• Jes says:

        Hi Catherine, I’m so happy this recipe can replace the one you lost.
        And they are so simple!

        Merry Christmas and Happy Holidays to you and yours!

    6. moowiesqrd says:

      Thanks for the cookies, Jes! They’re perfect with tea/coffee and that’s most needed right now that it’s pouring rain in San Diego. I love that you have the original handwritten recipe. Not only are handwritten things becoming more and more rare, but I’ve noticed that the graceful cursive that your grandmother used is even more rare. My cursive looks like a fourth-grader’s… which was the last time I tried to write in proper handwriting outside of my signature. I mourn both… it’s great to receive a handwritten note, but nowadays, that’s hard to come by. It’s also hard to do the writing, so I guess I can’t complain too much. ;) Thanks, again!

      • Jes says:

        Hi Marie, I’m so happy you’re enjoying the cookies in not-so-sunny at the moment Southern California. It is sunny here in Kentucky but COLD! My cursive handwriting, too, looks like a fourth graders. I learned it and promptly returned to printing everything, no cursive. Penmanship is certainly a lost art. Take care down south where the sun will soon be shining! :)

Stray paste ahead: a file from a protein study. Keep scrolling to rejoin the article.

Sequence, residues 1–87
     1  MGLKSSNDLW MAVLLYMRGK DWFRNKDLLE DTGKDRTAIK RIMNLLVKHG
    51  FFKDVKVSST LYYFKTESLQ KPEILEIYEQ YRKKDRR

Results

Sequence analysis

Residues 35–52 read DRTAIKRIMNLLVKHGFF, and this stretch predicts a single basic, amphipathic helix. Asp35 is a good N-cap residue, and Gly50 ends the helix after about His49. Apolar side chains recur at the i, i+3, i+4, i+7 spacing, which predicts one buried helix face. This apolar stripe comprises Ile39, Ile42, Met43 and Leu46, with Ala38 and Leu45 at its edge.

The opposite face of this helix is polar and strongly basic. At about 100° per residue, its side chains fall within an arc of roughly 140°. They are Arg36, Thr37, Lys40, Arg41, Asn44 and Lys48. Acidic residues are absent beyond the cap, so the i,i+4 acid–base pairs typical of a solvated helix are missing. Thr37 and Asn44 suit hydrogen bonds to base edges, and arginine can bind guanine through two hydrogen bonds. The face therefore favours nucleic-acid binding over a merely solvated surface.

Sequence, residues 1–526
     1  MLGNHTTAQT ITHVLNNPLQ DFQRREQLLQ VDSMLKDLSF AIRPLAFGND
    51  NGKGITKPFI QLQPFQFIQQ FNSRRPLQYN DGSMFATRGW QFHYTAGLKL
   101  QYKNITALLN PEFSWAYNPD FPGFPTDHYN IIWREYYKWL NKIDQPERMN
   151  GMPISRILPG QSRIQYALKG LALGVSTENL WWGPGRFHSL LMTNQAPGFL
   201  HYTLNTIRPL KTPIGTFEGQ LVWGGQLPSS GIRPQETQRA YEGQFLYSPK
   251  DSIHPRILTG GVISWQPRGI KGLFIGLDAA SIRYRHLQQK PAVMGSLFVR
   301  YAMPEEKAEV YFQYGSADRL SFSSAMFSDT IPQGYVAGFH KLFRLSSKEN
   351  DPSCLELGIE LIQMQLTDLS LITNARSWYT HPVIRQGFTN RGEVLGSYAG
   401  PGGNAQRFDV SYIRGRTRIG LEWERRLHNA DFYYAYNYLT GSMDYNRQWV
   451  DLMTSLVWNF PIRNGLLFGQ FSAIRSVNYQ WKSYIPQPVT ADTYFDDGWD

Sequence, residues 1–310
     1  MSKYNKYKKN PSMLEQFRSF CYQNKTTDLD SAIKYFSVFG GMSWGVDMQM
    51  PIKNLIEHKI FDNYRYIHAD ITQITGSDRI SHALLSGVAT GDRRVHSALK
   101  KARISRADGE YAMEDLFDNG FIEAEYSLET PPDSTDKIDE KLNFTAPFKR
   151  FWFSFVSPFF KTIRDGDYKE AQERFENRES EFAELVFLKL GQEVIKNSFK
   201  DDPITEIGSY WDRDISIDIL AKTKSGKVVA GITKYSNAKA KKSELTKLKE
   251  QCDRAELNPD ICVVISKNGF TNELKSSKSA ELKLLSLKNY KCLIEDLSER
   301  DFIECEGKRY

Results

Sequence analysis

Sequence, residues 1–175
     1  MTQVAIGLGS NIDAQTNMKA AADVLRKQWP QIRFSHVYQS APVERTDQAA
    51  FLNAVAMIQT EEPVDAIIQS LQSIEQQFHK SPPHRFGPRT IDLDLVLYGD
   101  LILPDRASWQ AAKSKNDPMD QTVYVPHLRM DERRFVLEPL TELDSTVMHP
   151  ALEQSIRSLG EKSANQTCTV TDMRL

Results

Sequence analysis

7. I bought a bag of powdered sugar yesterday and didn’t even need it, but now that you’ve posted your grandmother Rosalie’s Mexican wedding cookies, I just turned on the oven to bake them and use up all that sugar! Thanks Jes

    8. Tim Welsh says:

      First, I must say these cookies are wonderful!!!! Secondly, how awesome is it that you have your Grandmother’s recipe in her own handwriting. Such a treasure!!

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    About the Author – Jes

    I have a bottomless passion for food, travel, and gardening. On this site I share my joy and vision for good food, big adventures and green spaces. You can learn a little more about me here.